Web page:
See also the Other 11 Nights of Wood, and Wood-esquery:

Thursday, March 03, 2022

Noisemakers: NABONGA! (1944) , BOWANGA, BOWANGA (1951), EEGAH! (1962)


12 Days of Ed Wood, Night 8

Like everyone, I have a soft spot for old crappy, stock footage-jammed jungle movies from the 30s-40s (and sometimes 50s) but---as befitting the times--with a caravan of caveats: no children (that means you, "Boy"); no caged animals; no wasting time with excessive frolicking chimps (especially ones confusingly named "Cheetah"); no prey-favoritism (i.e. "Boy" rescuing antelopes from starving leopards); and above all no race-favoritism (Jane making Tarzan protect obviously bad white guys from indignant natives and/or disgruntled animals). I also dislike when a film wastes too much time on montages indicating a long boring trek through jungle heat, and arguments with suspicious native porters. Oh and I hate the ones filmed in color, unless the color is really well restored. I'm also not a big fan of Johnny Weismuller, truth be told and that dumbstruck blankness I see in his eyes. So what's left? 

Plenty, as it turns out, I love white women living as savage goddesses; the meta-clever practice of mixing new actor footage with older jungle stock footage; crocodiles (with alligators discreetly thrown in), real snakes and rubber snakes dangling limply from threes; witch doctors wearing goofy Egyptian-style hats, and cool native idols with jewels in the center of their foreheads...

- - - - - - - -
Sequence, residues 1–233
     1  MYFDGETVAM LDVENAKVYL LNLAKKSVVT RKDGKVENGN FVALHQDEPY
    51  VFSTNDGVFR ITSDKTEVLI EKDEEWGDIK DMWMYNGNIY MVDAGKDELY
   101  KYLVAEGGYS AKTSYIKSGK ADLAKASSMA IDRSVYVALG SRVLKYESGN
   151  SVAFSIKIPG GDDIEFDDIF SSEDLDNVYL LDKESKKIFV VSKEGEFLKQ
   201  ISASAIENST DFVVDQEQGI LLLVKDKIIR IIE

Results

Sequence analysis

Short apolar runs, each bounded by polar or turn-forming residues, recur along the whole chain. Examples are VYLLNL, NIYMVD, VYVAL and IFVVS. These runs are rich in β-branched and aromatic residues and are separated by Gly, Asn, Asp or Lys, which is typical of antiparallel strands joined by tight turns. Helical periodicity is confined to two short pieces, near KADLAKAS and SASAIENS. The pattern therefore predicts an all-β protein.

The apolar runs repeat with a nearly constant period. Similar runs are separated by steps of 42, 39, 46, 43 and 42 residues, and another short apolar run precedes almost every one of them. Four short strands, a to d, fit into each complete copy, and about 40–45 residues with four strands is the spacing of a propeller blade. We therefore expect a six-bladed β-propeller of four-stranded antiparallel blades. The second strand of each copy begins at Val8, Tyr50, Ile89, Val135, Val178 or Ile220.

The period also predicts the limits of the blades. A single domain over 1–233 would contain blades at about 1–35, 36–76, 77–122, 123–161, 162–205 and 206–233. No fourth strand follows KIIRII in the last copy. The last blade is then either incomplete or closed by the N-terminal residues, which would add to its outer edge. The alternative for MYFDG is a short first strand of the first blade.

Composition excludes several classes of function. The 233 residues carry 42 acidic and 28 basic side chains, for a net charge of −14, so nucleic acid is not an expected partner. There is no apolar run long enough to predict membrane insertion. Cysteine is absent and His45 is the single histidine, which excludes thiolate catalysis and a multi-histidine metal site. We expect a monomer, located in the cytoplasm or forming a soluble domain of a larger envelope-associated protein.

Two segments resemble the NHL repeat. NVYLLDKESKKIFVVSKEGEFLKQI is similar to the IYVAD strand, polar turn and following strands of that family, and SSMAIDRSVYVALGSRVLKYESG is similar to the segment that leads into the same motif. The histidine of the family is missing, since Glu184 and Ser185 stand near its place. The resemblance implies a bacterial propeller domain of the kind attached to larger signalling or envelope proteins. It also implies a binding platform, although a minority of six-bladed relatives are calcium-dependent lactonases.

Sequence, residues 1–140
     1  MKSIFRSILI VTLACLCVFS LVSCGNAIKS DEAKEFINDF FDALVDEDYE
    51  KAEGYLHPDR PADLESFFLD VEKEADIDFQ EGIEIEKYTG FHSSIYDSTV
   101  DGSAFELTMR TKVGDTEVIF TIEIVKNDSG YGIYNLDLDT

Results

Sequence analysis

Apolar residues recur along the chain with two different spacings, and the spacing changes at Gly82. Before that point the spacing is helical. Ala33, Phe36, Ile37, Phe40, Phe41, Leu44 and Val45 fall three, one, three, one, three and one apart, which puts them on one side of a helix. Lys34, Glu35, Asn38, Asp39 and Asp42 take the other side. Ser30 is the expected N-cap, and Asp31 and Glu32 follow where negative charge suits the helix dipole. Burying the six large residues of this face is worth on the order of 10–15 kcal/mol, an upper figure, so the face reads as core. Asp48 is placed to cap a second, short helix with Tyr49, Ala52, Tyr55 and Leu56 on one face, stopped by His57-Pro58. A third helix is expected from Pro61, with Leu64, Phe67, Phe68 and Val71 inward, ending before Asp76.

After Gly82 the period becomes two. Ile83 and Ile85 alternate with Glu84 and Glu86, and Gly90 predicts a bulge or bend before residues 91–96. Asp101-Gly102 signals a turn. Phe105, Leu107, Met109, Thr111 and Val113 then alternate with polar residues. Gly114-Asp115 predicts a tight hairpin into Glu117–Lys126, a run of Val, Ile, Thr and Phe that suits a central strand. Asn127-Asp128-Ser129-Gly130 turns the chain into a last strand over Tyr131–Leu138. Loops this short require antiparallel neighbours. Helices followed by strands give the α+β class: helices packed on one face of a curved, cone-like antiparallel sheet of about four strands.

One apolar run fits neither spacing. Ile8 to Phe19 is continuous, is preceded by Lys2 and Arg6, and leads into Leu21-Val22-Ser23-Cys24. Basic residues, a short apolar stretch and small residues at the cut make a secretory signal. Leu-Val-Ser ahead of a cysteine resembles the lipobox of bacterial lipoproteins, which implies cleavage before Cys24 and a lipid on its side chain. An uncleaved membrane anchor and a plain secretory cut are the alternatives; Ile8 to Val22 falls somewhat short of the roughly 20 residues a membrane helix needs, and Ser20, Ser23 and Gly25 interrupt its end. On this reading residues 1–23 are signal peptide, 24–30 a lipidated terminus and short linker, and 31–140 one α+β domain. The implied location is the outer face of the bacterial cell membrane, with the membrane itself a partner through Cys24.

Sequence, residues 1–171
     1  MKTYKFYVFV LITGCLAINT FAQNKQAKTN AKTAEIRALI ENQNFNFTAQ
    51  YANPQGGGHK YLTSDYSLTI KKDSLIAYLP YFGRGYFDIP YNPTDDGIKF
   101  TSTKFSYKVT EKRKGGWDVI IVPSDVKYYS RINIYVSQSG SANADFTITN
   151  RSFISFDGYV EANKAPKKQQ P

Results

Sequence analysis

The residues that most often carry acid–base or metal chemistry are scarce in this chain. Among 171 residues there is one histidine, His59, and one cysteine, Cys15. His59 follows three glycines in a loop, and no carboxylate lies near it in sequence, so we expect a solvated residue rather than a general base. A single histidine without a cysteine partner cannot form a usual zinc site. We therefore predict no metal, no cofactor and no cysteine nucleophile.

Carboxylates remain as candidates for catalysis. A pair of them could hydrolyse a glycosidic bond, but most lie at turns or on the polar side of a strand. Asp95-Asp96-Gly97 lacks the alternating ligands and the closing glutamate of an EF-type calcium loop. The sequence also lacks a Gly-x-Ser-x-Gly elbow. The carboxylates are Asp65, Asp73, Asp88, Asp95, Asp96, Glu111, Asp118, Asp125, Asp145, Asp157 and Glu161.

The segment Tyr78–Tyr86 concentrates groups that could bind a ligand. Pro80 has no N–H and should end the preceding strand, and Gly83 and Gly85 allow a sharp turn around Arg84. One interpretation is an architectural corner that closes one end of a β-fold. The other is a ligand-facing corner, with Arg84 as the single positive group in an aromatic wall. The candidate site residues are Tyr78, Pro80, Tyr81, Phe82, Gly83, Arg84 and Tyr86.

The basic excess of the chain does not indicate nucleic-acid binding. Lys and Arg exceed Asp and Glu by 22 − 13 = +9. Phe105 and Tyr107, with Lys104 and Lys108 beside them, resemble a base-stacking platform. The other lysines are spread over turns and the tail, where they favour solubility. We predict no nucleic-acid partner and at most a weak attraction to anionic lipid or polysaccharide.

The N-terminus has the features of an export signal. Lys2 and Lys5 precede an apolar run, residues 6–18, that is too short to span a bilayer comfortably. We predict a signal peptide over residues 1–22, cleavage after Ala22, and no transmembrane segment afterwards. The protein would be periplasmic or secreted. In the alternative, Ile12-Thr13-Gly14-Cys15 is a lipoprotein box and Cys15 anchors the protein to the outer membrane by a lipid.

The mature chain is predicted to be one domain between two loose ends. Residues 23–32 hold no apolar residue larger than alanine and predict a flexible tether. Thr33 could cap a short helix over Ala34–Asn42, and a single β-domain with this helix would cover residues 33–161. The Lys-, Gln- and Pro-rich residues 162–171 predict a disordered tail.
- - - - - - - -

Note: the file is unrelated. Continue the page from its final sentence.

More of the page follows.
And guys in gorilla suits! 

(PS - The reviews below all contain Spoilers, unusual for me, must be all the Forgotten Horrors volumes I've been reading lately. )

Aka Gorilla!
(1944) Dir. Sam Newfield

Firs thing that strikes me with the potted frond PRC jungle "thriller" Nabonga is the quiet. There's almost no music at all, just the the sounds of the jungle ever present but low in the mix: distant howls of gorillas and lions, the calls of birds, and whatever else happens along, all low and mellow in the mix as if we're safe in the cool of the reptile house during a hot trip to the zoo. Maybe that's the reason I'm such a fan of this terrible movie? I taped a truncated version long ago as a kid in the very early-80s, off a PBS show called Matinee at the Bijou, so maybe I'm biased. My brother and I watched it every night for months.